It is a feeling. Writing a story is similar to hitting a tennis ball into the air. You watch it go up and you might not be sure how far it will climb, then it starts to travel down and the fall is inevitable. It hits the ground just when it should. You are looking for that pattern when you write. Read it back through and see if you’ve achieved it.

What books inspired you as a child?

The Lord of the Rings, the Narnia stories, The Dark is Rising (Susan Cooper), The Little White Horse (Elizabeth Gouge), The Secret Garden and A Little Princess (Frances Hodgson Burnett), The Flambards series (K M Peyton), Moonfleet (J. Meade Falkner) lots of Enid Blyton (they were everywhere when I was young). I could go on!

What’s your current or next project?

I’m in heaven because the lovely people at Lion Hudson have commissioned a book (out next spring) I’ve been thinking about for ages. It is a mystery story with the young Jane Austen as the detective. I’m a Jane Austen scholar and enthusiast so know a lot about her and it struck me that she would make a wonderful heroine in her own tale as she was clearly very inquisitive. As with my other historical stories, I look for the gaps in the real record in which to slip my fiction. There are years in Jane’s youth when she was a young teenager when we don’t know very much about what she got up to but, obviously, she was gathering material for her novels. The series starts with The Abbey Mystery. There are lots of what they call in movie terms hidden ‘Easter Eggs’ that nod to the future novels as well as the mystery to solve of the monk haunting Southmoor Abbey. I’m having huge fun with this and hope it will become a series. It is a bit of a love letter to Jane Austen too, as she’s my favourite writer.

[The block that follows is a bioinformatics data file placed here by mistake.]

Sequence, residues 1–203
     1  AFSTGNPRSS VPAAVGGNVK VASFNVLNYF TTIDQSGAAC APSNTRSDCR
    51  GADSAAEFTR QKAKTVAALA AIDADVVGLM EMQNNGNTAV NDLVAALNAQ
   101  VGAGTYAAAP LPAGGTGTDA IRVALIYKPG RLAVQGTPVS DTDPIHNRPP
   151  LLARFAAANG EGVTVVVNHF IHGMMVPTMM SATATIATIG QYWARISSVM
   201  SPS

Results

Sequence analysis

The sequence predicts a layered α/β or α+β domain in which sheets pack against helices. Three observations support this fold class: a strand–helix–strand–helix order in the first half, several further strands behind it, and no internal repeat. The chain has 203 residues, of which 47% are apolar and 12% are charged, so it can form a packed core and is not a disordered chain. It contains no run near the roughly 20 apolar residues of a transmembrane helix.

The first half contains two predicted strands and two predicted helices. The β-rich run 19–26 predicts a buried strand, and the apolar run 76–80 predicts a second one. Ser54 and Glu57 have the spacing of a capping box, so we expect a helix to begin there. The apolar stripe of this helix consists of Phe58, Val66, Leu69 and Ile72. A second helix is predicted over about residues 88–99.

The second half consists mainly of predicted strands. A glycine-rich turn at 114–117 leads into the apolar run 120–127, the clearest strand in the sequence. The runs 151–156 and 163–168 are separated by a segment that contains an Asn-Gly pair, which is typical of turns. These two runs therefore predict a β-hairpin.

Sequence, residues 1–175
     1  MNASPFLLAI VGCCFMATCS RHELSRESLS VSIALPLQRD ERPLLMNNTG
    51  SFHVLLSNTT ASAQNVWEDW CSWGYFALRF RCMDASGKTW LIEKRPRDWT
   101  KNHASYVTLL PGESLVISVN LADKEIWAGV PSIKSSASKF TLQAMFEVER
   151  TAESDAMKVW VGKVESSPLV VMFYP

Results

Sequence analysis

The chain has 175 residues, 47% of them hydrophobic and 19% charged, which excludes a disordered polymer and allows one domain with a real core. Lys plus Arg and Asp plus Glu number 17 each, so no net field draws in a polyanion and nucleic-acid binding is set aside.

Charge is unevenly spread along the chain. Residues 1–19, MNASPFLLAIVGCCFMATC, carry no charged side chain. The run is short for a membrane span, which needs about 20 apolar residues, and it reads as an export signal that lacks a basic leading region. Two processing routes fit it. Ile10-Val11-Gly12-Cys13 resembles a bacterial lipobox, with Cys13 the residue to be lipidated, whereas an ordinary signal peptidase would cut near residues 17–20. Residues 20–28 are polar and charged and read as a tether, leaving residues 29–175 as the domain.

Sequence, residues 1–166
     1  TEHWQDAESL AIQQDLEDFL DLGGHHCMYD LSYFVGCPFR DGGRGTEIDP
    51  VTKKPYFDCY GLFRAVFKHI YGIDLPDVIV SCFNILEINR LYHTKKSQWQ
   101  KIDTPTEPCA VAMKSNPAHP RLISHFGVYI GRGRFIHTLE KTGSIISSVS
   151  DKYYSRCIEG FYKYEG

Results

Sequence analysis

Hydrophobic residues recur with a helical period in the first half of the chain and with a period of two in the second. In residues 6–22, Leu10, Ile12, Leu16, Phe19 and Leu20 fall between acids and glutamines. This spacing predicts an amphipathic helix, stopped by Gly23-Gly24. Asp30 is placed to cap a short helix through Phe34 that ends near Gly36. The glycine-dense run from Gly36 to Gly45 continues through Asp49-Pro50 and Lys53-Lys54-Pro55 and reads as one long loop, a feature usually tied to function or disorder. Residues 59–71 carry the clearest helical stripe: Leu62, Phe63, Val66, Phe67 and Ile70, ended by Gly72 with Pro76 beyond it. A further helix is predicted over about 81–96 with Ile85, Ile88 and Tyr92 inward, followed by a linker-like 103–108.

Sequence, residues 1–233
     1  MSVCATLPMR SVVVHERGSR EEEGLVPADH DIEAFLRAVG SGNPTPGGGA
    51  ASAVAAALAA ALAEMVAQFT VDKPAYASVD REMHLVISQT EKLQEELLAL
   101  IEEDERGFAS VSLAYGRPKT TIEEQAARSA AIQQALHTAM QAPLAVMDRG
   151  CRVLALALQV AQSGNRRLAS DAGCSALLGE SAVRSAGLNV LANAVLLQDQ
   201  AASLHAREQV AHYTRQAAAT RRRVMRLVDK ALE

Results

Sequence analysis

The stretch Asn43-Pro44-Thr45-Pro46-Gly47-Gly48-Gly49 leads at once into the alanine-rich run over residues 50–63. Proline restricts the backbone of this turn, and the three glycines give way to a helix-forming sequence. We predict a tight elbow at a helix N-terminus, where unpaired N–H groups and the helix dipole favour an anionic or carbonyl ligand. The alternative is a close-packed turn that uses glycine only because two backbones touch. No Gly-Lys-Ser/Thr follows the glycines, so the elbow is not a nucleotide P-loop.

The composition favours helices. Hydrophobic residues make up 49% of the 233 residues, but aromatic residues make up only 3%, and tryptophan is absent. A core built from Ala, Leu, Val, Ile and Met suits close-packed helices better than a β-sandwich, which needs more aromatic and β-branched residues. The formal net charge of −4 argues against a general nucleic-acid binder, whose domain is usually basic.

Finally, please tell us 3 random/interesting facts about yourself.

  1. I once had tea with a Russian spy.
  2. I’m good at making needlepoint designs of mythical creatures.
  3. We had a huge goldfish for quite a few years called Goldemort named after You Know Who. He started tiny in an indoor tank then ballooned to a death-eating monster in an outside pond who saw off all other little goldfish friends.

Goldemort sounds like he was aptly named!

Julia’s latest children’s book, The Tigers in the Tower is out today, and The Abbey Mystery will be released in spring 2021.

www.goldinggateway.com
Facebook: @jgoldingauthor
Twitter: @jgoldingauthor